Once upon a time the question whether the shares of a company should be bearer shares or registered shares was an important decision to be made at the time of incorporating a company. Bearer shares were mostly chosen in those cases in which either there was an essential interest in keeping the identity of the shareholders undisclosed and confidential, or there was a clear preference for the transferability of the shares being kept as easy as possible. These goals were legitimate and during long years bearer shares were seen as a fully respectable option.
And then the wave of transparency came. The fear of opaque structures aimed to hide less respectable interests has since then overtaken a part of our legal environment, and in certain circles bearer shares have become a difficult instrument to operate with. In some jurisdictions they are regarded as suspicious instruments, and other jurisdictions have even opted to abolish them.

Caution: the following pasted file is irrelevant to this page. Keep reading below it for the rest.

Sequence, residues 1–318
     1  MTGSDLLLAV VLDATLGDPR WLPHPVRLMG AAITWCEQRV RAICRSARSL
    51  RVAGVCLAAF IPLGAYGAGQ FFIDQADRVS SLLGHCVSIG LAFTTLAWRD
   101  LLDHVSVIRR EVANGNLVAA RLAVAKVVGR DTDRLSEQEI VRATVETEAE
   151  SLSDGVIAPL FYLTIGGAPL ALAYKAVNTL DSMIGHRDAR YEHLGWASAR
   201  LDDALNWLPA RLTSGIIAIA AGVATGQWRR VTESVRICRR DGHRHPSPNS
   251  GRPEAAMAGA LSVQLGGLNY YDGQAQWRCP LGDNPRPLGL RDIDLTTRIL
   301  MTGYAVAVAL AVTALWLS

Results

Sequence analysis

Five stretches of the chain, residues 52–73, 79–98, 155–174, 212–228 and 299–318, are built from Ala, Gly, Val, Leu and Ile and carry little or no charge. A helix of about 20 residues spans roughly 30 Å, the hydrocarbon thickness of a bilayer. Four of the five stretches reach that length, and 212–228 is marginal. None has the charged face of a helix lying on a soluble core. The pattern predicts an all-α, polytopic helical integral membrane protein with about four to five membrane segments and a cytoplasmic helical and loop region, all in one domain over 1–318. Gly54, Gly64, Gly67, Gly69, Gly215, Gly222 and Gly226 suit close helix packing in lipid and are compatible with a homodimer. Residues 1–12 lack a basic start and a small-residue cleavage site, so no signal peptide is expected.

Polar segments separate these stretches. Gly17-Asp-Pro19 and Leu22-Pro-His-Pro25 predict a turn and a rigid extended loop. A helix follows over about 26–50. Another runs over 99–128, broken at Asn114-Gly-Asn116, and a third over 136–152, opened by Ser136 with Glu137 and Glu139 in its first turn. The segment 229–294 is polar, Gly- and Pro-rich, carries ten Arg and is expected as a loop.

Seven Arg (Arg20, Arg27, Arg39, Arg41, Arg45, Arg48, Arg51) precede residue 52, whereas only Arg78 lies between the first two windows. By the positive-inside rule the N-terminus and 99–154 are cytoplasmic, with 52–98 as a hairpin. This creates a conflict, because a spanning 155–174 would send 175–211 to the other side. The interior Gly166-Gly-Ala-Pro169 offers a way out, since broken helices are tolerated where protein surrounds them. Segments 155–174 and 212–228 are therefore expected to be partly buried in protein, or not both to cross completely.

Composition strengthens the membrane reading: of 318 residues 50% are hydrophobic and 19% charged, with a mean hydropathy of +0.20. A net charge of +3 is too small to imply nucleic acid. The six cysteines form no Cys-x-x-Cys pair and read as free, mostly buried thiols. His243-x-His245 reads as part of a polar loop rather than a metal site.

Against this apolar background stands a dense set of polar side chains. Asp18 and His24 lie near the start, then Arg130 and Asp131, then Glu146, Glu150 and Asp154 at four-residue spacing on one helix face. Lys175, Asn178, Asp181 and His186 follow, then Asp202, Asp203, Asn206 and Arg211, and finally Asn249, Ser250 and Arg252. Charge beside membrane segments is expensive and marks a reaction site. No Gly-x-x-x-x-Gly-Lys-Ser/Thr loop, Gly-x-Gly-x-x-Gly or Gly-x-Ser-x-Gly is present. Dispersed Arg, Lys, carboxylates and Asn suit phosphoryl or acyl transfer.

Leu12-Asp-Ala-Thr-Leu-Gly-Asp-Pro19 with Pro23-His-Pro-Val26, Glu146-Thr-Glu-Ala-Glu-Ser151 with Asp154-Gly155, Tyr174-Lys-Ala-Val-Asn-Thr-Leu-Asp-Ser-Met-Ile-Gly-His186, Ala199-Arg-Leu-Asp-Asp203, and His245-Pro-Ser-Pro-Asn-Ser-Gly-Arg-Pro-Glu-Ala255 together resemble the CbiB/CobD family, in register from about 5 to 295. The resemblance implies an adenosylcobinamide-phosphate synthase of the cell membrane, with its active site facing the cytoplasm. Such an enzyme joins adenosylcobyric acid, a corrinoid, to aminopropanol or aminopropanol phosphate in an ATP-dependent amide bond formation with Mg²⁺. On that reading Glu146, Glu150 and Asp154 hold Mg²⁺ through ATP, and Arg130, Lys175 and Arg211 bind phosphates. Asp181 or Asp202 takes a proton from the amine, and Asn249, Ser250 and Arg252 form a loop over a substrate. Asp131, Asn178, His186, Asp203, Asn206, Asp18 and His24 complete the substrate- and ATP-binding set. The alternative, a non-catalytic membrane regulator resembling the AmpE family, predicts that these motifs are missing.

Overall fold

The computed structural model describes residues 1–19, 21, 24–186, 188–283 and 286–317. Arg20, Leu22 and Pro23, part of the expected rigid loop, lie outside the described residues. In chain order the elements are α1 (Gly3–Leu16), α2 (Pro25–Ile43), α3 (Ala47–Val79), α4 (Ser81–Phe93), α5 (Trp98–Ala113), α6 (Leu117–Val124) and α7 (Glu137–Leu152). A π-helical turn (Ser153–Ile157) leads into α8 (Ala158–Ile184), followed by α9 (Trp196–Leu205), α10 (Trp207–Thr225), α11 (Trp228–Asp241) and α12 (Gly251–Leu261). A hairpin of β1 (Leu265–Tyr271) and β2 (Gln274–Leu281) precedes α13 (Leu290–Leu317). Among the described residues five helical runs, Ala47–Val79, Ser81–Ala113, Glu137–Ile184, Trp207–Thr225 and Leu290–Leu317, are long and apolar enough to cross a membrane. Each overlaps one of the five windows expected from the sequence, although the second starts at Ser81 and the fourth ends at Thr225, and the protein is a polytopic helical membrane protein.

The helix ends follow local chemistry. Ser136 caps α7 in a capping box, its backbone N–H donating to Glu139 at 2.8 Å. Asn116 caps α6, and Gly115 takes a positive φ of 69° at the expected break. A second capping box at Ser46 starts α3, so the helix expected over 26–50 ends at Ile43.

Swiss corporate law has not abolished them. It still grants the choice between both types of shares, but the global wave of regulation has now also shown its impact. Even though bearer shares continue to be an option for Swiss companies, a new piece of legislation will come into force on 1 July 2015 with the aim of establishing some boundaries to the anonymity that bearer shares provide to shareholders or quotaholders.
Philipp Aichele and Nicole Froelicher have prepared for you a summary on the main features of the new legislation. Some 50,000 Swiss companies are affected by this new rules and need to react. Whether you are a shareholder, a director or an adviser to any affected Swiss entity, it might well be worth while taking a look at it and deciding whether you need to take action.
Read more here.